the CEA is developing a tool to identify bacteria at a lower cost

You have developed a tool that can identify the presence of bacteria. Can you explain to us what it is and how it works?

To treat bacterial infections, practitioners usually need to know the species responsible for the infection, and for this they actually take a sample from the patient and put it on a “Petri dish” – c is a small plastic box in which there is a nutrient medium that will grow the bacteria whose identity we are trying to find out. And knowing the identity of a bacterium, it helps to choose the best antibiotic, it helps to predict the evolution of the infection.

And so to take care of it…

Yes, to treat it better, to reduce treatment failures, and above all to choose the most suitable antibiotic, the most relevant because, as you know, there are more and more antibiotic-resistant infections. And therefore choosing the most effective antibiotic is not always easy.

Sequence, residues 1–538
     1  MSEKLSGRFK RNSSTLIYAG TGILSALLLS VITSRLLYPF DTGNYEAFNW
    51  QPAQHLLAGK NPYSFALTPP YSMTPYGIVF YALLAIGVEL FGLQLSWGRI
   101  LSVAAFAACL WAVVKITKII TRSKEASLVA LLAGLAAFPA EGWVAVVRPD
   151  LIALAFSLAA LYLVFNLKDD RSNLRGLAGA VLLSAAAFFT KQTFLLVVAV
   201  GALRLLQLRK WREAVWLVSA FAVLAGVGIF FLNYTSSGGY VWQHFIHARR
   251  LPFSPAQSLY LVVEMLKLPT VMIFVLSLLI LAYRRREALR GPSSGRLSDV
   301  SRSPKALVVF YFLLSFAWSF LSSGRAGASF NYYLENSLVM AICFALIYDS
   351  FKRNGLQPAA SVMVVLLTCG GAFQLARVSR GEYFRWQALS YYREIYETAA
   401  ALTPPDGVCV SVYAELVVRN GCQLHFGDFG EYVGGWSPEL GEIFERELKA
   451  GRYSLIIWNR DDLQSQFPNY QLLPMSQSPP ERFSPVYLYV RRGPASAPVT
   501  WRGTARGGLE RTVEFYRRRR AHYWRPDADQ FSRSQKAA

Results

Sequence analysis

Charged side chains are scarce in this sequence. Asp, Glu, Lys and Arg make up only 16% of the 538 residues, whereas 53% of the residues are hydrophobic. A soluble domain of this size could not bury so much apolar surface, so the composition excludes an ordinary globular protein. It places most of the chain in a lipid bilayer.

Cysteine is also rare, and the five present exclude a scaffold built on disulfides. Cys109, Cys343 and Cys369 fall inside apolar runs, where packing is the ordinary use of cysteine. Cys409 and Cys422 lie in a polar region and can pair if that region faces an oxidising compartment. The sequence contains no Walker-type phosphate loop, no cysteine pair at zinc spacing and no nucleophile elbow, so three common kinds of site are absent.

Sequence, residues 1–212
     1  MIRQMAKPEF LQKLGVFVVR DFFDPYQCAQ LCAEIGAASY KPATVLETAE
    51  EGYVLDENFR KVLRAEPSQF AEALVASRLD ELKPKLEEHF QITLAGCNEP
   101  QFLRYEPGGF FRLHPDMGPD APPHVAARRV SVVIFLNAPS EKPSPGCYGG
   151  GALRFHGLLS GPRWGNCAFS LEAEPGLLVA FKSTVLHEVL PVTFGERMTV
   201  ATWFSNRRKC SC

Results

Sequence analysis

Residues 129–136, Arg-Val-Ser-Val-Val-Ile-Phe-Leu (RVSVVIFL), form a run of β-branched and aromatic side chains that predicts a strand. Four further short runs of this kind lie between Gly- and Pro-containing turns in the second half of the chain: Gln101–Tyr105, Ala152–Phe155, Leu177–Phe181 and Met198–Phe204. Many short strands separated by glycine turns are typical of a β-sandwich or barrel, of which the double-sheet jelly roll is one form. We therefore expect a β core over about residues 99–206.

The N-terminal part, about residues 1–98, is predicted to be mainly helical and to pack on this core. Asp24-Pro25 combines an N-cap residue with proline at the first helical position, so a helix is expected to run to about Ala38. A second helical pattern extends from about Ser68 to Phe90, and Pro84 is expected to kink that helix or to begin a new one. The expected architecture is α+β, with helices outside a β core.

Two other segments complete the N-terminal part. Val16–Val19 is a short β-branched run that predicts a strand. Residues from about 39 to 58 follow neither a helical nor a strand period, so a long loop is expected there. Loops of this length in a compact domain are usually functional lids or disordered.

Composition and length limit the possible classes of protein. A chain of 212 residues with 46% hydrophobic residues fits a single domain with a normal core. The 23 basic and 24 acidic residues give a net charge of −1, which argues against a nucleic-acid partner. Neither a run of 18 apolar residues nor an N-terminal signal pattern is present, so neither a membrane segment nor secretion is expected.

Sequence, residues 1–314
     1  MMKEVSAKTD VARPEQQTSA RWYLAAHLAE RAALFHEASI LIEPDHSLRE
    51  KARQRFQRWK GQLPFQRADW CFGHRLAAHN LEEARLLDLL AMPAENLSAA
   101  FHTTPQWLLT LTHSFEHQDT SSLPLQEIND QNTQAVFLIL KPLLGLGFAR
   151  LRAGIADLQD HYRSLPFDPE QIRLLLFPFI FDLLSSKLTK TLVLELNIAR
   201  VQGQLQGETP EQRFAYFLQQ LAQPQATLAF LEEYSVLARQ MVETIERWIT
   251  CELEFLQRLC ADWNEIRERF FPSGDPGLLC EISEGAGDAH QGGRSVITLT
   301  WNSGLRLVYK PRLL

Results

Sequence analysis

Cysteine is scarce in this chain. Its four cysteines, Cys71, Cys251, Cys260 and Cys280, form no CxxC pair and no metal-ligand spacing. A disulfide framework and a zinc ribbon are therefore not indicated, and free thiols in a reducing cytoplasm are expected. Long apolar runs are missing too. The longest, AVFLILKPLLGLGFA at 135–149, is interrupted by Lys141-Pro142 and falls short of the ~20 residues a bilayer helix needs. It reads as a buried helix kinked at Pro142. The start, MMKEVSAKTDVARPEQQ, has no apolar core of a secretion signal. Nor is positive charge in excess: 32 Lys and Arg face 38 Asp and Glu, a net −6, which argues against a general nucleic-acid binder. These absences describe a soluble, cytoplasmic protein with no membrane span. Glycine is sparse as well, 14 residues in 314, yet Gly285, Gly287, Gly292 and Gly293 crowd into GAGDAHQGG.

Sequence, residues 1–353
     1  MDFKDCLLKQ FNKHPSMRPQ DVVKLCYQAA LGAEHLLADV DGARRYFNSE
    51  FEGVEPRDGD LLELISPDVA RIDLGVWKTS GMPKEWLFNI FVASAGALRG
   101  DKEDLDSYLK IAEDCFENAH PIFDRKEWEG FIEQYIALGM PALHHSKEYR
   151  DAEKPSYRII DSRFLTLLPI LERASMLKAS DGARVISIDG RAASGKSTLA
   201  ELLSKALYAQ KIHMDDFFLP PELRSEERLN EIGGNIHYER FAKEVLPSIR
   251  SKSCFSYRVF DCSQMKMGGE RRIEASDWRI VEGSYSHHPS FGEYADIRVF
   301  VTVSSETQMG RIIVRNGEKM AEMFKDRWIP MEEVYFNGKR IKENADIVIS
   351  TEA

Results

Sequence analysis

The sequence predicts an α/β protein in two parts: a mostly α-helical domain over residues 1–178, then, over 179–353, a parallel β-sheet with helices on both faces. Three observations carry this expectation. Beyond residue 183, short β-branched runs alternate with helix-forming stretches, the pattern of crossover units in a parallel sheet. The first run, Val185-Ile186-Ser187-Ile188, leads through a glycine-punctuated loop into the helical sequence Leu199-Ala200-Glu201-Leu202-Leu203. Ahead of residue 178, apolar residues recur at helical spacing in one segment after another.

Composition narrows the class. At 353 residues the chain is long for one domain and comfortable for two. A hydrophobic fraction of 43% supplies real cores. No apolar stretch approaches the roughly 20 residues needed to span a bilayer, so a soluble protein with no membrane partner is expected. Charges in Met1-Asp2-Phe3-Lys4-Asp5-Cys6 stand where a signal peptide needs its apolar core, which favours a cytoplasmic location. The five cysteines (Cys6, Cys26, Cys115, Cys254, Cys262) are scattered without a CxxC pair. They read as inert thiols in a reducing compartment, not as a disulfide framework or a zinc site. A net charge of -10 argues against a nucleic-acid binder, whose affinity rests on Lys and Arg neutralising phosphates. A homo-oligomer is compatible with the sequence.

Has the tool you designed ever been tested?

This tool is currently being tested at the CHU Saint Pierre hospital in Brussels, on patients with blood infections. And our objective is therefore to first test this tool in Europe in order to improve it, to tropicalize it, that is to say adapt it to the specific conditions of Africa so that we can test it in Central Africa from early next year.

You were talking about the particular conditions in Africa; what are those special conditions there?

The first is purchasing power: hospitals obviously don’t have the same purchasing power as ours, so we’re aiming for equipment that would cost around €5 to €10,000 instead of €1,500.00 for a equipment that will do the same thing in Europe; so obviously ours will be less efficient, but the idea is that it should therefore be less expensive, simpler in terms of maintenance. And also we use a technology where there are far fewer consumables because logistics is a recurring, crucial problem in Africa. So whether in terms of costs, maintenance, logistics, we thought about a tool that adapts to the particularities of Africa.

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